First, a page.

We hope that you find the aforementioned tips and examples useful, and they will help you attain the desired conversion boost on your website.

Good luck!

Read More at Unveil Secrets of the Best Converting CTA Buttons

from Web Design Ledger

Stop Losing Prospects With Disappearing Contact Form Submissions

Ever wondered why your conversion rates are so low even though you spend a good amount of time sharing your latest stories on social media and receiving a good amount of traffic?

While user experience and market fit are crucial for every business, a surprising reason for low conversions could be a misbehaving contact form on your website. Over the past 2 months we have worked with 3 successful businesses online with broken contact forms that prevented prospects from connecting with business development or support staff.

In each of the three cases incoming emails have been lost entirely, or over 50% of the submissions were not passing due to technical errors – such as JavaScript conflicts, AdBlock extensions, email server limits or upgrades that broke anything behind the scenes, hence preventing a successful contact with company’s reps.

I failed to contact the business through their form

The worst part is that, in many cases, customers would give up on getting in touch with you, and the problem may be lurking in your platform for months.

Here are 7 suggestions for preventing complete dependability on a flaky contact form and increase the conversion rates for your business.

1. Simplify Your Contact Form

Longer contact forms asking for too much personal data would send some of your prospects away. Keeping it simple would save everyone time, and reduce the gap between you and your potential clients.

In addition to the marketing aspect of the problem, longer contact forms present more opportunities for a contact form to stop working. For example:

  • a phone field would require validation that wouldn’t match a country code format;
  • a text field may accept HTML which isn’t validated properly behind the scenes;
  • numeric fields could strip values for customers who input text instead.

Validation labels may be invisible for some reason (such as disabled JavaScript or a styling glitch), and that’s yet another problem that you would have to worry about in a traditional setup.

A study by Unbounce reported 15% conversion rate on forms with 6+ fields, 20% with 3-5 fields, and 25% for contact forms with only 3 input fields.

Simplify your contact form and reduce the number of lost prospects on the way.

2. Use Gravity Forms


WordPress website owners who heavily rely on contact forms can benefit from using Gravity Forms.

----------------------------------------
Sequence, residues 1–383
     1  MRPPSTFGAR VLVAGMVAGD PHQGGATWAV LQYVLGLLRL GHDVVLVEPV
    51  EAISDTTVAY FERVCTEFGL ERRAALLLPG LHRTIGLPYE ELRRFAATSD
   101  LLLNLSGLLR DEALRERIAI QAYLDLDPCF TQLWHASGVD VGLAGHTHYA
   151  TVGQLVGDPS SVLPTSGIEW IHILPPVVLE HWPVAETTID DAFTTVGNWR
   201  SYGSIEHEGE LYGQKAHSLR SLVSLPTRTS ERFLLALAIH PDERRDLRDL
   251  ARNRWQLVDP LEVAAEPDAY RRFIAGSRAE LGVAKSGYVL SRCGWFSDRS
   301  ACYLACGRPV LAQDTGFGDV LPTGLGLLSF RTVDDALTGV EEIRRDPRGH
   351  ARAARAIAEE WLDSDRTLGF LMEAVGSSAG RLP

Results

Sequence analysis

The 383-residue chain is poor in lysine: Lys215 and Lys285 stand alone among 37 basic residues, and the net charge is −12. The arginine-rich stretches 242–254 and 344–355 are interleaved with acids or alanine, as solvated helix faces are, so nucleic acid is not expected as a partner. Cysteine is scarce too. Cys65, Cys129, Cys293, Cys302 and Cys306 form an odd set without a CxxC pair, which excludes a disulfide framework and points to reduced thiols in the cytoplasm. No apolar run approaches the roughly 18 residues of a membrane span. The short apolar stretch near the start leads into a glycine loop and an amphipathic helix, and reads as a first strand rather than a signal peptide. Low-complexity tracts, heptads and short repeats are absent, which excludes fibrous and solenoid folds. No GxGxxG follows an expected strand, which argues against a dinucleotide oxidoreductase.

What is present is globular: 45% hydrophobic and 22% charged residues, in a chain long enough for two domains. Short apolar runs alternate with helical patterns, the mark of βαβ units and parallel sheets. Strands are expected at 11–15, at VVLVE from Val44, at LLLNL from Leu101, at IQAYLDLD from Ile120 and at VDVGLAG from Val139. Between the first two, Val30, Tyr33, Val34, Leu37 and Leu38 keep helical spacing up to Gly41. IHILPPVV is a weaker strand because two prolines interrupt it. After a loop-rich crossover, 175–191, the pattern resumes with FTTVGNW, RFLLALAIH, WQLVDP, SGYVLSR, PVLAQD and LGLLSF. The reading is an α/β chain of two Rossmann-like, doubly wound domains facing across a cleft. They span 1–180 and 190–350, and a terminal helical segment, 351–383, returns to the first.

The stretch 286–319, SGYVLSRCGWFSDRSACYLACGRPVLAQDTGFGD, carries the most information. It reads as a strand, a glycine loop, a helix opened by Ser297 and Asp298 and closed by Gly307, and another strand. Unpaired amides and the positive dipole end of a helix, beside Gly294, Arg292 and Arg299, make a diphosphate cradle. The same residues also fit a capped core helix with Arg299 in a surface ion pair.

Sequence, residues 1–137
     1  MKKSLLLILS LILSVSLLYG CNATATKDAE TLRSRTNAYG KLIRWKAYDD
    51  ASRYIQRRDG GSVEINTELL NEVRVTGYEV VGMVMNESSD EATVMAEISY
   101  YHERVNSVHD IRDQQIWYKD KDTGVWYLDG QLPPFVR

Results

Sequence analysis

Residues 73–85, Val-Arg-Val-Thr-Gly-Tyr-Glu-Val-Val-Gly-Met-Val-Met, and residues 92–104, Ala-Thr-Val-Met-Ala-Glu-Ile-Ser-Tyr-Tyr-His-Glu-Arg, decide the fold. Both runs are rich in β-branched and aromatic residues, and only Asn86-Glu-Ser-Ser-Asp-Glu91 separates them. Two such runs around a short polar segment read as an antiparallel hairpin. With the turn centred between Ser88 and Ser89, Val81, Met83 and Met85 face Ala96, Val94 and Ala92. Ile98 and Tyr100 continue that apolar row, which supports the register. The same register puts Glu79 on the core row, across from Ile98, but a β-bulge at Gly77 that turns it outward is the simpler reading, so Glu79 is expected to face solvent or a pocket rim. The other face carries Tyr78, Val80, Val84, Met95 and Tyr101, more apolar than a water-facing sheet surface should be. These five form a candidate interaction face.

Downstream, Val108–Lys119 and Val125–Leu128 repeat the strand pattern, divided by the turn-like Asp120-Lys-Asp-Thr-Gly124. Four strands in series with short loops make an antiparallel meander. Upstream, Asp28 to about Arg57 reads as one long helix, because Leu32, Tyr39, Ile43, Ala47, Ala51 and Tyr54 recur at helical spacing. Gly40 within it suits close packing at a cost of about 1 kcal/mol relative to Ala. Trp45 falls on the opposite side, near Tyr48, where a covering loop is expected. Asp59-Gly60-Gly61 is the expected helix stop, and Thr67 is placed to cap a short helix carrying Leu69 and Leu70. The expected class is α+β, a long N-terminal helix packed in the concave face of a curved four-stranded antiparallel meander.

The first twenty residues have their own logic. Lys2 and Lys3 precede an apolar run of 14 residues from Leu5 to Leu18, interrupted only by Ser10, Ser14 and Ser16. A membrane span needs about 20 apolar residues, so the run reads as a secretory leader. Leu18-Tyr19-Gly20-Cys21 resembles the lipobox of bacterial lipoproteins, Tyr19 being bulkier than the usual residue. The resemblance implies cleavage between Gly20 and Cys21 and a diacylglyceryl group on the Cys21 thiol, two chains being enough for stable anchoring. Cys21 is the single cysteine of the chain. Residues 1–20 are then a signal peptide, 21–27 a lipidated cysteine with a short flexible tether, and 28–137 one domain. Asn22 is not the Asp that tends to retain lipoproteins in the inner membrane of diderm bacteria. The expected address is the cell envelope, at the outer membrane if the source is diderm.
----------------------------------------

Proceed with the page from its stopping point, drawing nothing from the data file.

Gravity Forms is a powerful plugin that allows for building complex forms, include conditional statement, integrate with membership platforms and payment gateways. But in addition to that your contact submissions are stored in the WordPress database as well – visible from a list in the administrative dashboard.

Even if your email server is down, not responding, hitting spam filters or anything along those lines, a submission would be processed and ready for review in your WordPress admin area.

As an added benefit, you can leverage the power of the plugin for other uses – such as receiving guest posts for your website (automatically published as drafts to your editors).

3. Stop AJAX Submissions

AJAX submissions are often used in contact forms as they provide a better customer experience – getting a form submitted without refreshing the entire page.

The problem is that AJAX may be interrupted in different cases, such as:

  • A minor JavaScript glitch in your site that interrupts other features
  • A PHP notice or warning that interrupts the successful callback and freezes the submission process
  • Clients using old unsupported browsers (such as corporate networks running Internet Explorer 7)
  • Intranets disabling JavaScript for non-whitelisted websites

Disabling AJAX submissions and sending users to a helpful “Thank You” page can solve some of those problems and increase the success rates of your contact form submissions.

4. Hide Warnings and Notices on Production

Some production websites allow error printing on the front-end even for third-party visitors. Those messages appear in the header or within the content area of your website in the event of a code warning or a communication error with the site.

This may not be obvious to you or your development team when the site appears to be working properly. Sadly, customers could still manage to interact with areas of your website in a “creative way” that triggers and displays errors on the site. And new notices or warnings can show up after updating a plugin or introducing a content change by editors.

That leads to poor customer experience, and is a potential security vector that hackers could use for learning more about your hosting provider and installation, coming up with effective strategies for breaking into your website.

Disabling debugging output on production sites is a must, and should improve the overall user experience. It will also ensure that contact form entries don’t get lost due to those code glitches getting in the way and interrupting the submission process, hence losing your emails on the way.

5. Live Chat

Integrating a live chat in your website is a good way to interact with your visitors in real time, and also let them report a problem easily before closing the browser window.

There are plenty of live chat services that provide a simple embed script (or an extension for various CMS) and pop up on your website given predefined conditions. You can enable the chat globally across your entire site, or only on pages where visitors are expected to get in touch with you (such as the Contact Us page or a Customer Service documentation).

6. Ticketing System